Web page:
Posted May. 11, 2009 02:45,
Before China designated its southern city of Shenzhen a special economic zone in 1979, the city was as desolate as most provincial rural areas in mainland China. After the designation, however, foreign companies flocked to the city and began Shenzhen`s annual growth of 30 percent over the next 20 years. The city was transformed into a modern metropolis with streets filled with expensive imported cars and living expenses as high as Seoul`s. After recognizing the contribution of multinational companies to a citys development, China continued to designate cities as special economic zones, and has 140 of them. They are the fruits of the late Chinese leader Deng Xiaopings policies of reform and opening up that transformed China into the worlds factory.
With abundant labor and low wages, China became the most attractive destination for production bases of top global companies. Those that planned to invest in Korea turned to China instead, and Korean companies soon followed suit. Such a trend gained more momentum after the inauguration of President Roh Moo-hyun in 2003. His administration gave the impression that Korean society does not welcome foreign capital. The Korean Confederation of Trade Unions and its member unions also helped drive away foreign investment with extreme and political labor protests. As a result, Korea found itself far behind its competitors in the region including Hong Kong, Singapore and Thailand in attracting foreign direct investment. It is no coincidence that Korea failed to enjoy the benefits of the previous global economic boom and saw employment decline under the Roh administration.
Roh also introduced policies to develop free economic zones to attract foreign direct investment, including those in Incheon, Busan-Jinhae and the Gwangyang Bay Area, in 2003. With the additional designations of Hwanghae (Gyeonggi, South Chungcheong Province), knowledge-creation type (Daegu-North Gyeongsang Province) and Saemangeum-Gunsan (North Jeolla Province) since the inauguration of President Lee Myung-bak, Korea has six free economic zones under development. Unfortunately, they are behind China`s in attracting foreign direct investment. Furthermore, they are also less attractive in tax benefits and living environment for foreigners, including education and health services.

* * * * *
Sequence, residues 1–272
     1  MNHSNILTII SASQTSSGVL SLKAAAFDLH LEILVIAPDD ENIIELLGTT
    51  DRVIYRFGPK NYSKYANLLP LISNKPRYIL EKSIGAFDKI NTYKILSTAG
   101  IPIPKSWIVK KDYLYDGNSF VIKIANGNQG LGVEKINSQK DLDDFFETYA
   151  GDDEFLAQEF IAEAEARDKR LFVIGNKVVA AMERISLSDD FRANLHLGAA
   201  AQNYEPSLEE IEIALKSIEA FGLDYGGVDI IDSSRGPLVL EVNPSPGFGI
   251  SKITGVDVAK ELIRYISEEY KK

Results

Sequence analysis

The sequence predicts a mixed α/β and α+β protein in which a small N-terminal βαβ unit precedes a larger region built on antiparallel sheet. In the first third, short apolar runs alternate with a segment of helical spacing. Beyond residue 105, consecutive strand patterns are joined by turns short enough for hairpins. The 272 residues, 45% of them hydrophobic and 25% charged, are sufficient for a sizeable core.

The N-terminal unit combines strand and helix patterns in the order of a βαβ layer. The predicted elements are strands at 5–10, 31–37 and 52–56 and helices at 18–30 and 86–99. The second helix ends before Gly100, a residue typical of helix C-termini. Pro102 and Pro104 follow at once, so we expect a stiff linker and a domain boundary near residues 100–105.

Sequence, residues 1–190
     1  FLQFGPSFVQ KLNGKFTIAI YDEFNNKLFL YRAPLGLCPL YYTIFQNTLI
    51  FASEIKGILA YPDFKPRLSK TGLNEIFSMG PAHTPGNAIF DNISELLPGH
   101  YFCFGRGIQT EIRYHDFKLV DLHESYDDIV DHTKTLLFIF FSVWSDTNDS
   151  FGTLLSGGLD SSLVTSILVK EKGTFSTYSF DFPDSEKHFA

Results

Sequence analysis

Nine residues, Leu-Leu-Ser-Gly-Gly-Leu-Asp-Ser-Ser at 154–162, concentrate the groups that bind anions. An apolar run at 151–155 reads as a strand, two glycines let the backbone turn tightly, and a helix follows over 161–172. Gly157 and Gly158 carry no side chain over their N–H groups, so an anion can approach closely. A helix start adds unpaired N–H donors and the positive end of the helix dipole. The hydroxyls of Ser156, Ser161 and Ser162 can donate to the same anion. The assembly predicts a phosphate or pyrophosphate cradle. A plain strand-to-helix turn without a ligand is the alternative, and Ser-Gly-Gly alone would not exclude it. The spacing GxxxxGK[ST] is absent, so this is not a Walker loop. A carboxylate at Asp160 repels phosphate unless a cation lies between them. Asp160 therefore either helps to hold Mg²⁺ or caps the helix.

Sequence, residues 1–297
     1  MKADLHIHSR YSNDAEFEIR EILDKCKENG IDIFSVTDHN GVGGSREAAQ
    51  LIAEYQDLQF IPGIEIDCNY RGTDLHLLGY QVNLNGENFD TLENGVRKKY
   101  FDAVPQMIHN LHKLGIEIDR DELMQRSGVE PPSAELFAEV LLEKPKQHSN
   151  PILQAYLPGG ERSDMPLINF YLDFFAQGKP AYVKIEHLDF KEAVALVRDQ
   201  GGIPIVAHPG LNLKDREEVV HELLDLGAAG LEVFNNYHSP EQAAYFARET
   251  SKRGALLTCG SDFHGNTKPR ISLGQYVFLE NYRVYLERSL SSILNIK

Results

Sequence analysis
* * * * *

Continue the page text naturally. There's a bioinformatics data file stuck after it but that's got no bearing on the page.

With Jeju Islands elevation to the status of a free international city, all of Korea`s provinces except Gangwon and North Chungcheong have free economic zones. Unfortunately, it is hard to tell them apart since their strategies are identical, including the same comprehensive development plans that span logistics and cutting-edge service industries. Cutting-edge and tourism and leisure industries are always included in those strategies. With such featureless strategies, however, free economic zones in Korea can hardly be expected to achieve their intended purpose of attracting foreign investment. If authorities in charge continue to waste money on overlapping investment instead of attracting foreign investment as they should, the zones are useless. Those without competitiveness should be removed without hesitation to save taxpayers money.
Editorial Writer Park Yeong-kyun (email@example.com)